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Spotify’s $8.4 billion valuation gives artists another reason to hate it

Swift Spotify Proof
Reuters/Carlo Allegri
Not a huge Spotify fan
Published This article is more than 2 years old.

On April 10, the news broke that Spotify was close to raising $400 million from private investors, in a deal that would value the Swedish streaming music company at $8.4 billion.

As with any privately-held tech startup, there are obviously many caveats embedded into that valuation. At the very least, the new investors—which, according to the Wall Street Journal (paywall), include Goldman Sachs and Abu Dhabi’s sovereign wealth fund—probably got preferential terms that mean they get their money back in a sale before anyone else does. That would minimize the risk for those investors relative to common stockholders,  and inflate the company’s valuation.

Nevertheless, the fundraising is still pretty significant, for the music industry and beyond.

There has been a lot of talk lately about how huge valuations for tech startups help them attract both customers and talented recruits. For Spotify, however, a high valuation could reinforce negative perceptions about the company (regardless of whether those perceptions are fair) among artists who supply it with content. This could embolden them to demand more in royalties and pull stunts like Taylor Swift did last year.

There are quite a few risks facing Spotify at the moment, but perhaps none more so than discontent among its suppliers (record labels and artists). The company is facing new, cashed up competitors like Apple and Google, which don’t need to make any money from music, and could choose to pay more in royalties to get a leg up. That, coupled with moves by Tidal, the new service owned by Jay-Z and a coalition of high profile artists, suggests the next war in streaming music could be a costly one fought over exclusivity.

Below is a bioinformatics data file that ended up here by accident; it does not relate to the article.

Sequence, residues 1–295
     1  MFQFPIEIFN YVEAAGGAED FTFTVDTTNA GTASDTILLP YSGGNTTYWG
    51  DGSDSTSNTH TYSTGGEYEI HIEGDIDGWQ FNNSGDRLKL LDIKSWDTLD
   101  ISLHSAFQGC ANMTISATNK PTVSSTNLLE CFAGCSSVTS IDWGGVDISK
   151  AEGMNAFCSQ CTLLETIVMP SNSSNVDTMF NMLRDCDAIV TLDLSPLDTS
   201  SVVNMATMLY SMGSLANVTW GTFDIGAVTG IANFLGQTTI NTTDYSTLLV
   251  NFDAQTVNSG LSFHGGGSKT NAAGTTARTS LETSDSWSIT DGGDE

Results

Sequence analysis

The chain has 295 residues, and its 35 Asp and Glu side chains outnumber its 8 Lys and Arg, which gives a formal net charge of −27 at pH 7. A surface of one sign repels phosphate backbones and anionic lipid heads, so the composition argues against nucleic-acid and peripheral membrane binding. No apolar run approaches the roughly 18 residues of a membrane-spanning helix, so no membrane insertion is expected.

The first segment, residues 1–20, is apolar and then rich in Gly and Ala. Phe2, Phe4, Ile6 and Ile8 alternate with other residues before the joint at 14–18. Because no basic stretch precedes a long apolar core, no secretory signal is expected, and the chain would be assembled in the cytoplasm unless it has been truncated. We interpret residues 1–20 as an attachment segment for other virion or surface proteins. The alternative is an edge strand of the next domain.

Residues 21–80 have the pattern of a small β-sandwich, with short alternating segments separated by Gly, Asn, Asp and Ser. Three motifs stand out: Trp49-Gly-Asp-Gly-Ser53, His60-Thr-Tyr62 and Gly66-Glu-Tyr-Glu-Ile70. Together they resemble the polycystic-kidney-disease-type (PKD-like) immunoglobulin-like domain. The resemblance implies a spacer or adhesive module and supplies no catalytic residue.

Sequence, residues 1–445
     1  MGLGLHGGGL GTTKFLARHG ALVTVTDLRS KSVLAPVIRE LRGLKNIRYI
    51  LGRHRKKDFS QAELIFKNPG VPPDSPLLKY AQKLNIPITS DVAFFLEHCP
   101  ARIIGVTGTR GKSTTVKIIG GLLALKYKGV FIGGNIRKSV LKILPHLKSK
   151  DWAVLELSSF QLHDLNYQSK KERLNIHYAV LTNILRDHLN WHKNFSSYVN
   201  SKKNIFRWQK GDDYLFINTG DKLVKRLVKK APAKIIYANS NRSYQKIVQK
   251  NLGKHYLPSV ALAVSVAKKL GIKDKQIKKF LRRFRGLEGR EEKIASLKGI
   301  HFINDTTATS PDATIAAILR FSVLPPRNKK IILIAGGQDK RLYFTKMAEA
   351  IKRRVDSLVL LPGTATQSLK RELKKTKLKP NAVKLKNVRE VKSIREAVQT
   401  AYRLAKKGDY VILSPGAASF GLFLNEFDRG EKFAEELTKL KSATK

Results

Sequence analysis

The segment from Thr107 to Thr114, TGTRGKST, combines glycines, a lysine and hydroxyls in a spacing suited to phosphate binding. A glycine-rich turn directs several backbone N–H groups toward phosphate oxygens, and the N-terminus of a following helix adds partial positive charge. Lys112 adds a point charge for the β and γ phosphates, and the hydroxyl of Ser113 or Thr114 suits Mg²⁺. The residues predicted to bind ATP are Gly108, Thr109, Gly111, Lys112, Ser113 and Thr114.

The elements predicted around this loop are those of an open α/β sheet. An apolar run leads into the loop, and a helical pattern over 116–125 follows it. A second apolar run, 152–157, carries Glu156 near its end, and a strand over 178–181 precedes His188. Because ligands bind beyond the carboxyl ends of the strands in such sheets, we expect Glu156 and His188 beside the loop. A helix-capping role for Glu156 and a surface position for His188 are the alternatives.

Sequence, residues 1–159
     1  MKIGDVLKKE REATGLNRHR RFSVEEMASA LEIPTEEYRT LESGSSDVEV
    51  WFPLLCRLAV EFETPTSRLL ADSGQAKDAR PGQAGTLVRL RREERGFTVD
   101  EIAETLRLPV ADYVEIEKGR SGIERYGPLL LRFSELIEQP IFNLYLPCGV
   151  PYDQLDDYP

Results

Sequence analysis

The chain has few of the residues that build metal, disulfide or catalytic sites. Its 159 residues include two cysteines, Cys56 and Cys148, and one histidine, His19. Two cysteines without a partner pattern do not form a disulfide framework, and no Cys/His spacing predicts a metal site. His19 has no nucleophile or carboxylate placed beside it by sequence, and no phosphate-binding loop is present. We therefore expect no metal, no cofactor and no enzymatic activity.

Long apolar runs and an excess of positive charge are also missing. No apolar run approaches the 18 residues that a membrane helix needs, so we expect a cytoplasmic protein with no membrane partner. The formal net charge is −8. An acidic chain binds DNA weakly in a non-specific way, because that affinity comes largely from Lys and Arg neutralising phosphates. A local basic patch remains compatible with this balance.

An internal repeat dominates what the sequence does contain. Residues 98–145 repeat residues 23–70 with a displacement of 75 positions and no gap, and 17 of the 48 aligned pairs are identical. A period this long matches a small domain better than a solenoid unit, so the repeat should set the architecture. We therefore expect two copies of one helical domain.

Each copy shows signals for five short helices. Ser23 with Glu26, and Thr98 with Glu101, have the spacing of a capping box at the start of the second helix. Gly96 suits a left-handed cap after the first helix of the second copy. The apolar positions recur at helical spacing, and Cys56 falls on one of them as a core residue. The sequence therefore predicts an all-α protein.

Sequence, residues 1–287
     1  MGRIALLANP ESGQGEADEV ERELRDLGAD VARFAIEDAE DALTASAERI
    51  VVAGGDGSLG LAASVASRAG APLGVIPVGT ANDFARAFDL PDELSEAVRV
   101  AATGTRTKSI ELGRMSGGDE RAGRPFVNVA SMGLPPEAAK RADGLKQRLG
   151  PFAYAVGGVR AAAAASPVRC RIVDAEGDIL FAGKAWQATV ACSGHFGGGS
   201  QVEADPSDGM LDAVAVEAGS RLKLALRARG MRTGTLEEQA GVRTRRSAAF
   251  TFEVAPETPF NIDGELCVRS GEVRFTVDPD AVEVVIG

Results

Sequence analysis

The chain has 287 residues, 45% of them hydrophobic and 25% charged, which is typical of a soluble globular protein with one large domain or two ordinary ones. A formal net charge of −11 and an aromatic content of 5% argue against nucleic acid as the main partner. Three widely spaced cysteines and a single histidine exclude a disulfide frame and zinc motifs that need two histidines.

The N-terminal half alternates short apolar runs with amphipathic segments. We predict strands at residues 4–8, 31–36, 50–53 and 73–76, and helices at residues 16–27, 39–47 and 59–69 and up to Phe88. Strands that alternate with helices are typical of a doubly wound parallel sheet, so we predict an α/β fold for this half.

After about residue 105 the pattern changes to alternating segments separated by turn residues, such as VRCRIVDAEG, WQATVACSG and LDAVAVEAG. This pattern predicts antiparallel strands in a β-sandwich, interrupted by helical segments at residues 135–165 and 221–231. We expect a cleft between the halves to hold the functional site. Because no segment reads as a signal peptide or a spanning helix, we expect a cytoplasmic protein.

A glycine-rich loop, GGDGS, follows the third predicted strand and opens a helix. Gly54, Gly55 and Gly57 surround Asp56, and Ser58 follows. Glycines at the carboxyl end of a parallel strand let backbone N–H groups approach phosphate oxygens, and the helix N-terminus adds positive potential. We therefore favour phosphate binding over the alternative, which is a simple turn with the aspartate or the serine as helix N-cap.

Whether Spotify chooses to use the funds it is raising to fight for exclusive music, or instead to expand into new attractive markets, remains to be seen. What is clear though, is that Spotify is not valued excessively, at least on a per user basis.

Obviously there are many differences in the companies listed in the above chart.

But comparing Spotify to Netflix could be instructive. Netflix’s valuation per user is way above the annual cost of a subscription to that service, which probably reflects a belief that its user base will ramp up dramatically in the near future.

As for Spotify, a $140-per-user valuation is also more than the cost of an annual Spotify subscription ($120). But if bullish projections about the future of streaming music prove accurate, and if Spotify is able to maintain its dominant position in that industry in the face of the threat from Apple and others, it could also grow much, much bigger than it is today.

That would imply that its newest investors are getting a bargain.

If Spotify can continue to grow and eventually exit through a successful IPO (or trade sale), the other big beneficiaries would be the major record labels, which hold a significant amount of equity in the company.

But any windfall the labels get won’t flow back to artists and songwriters, who are traditionally only paid in royalties. Needless to say, that won’t go down well.

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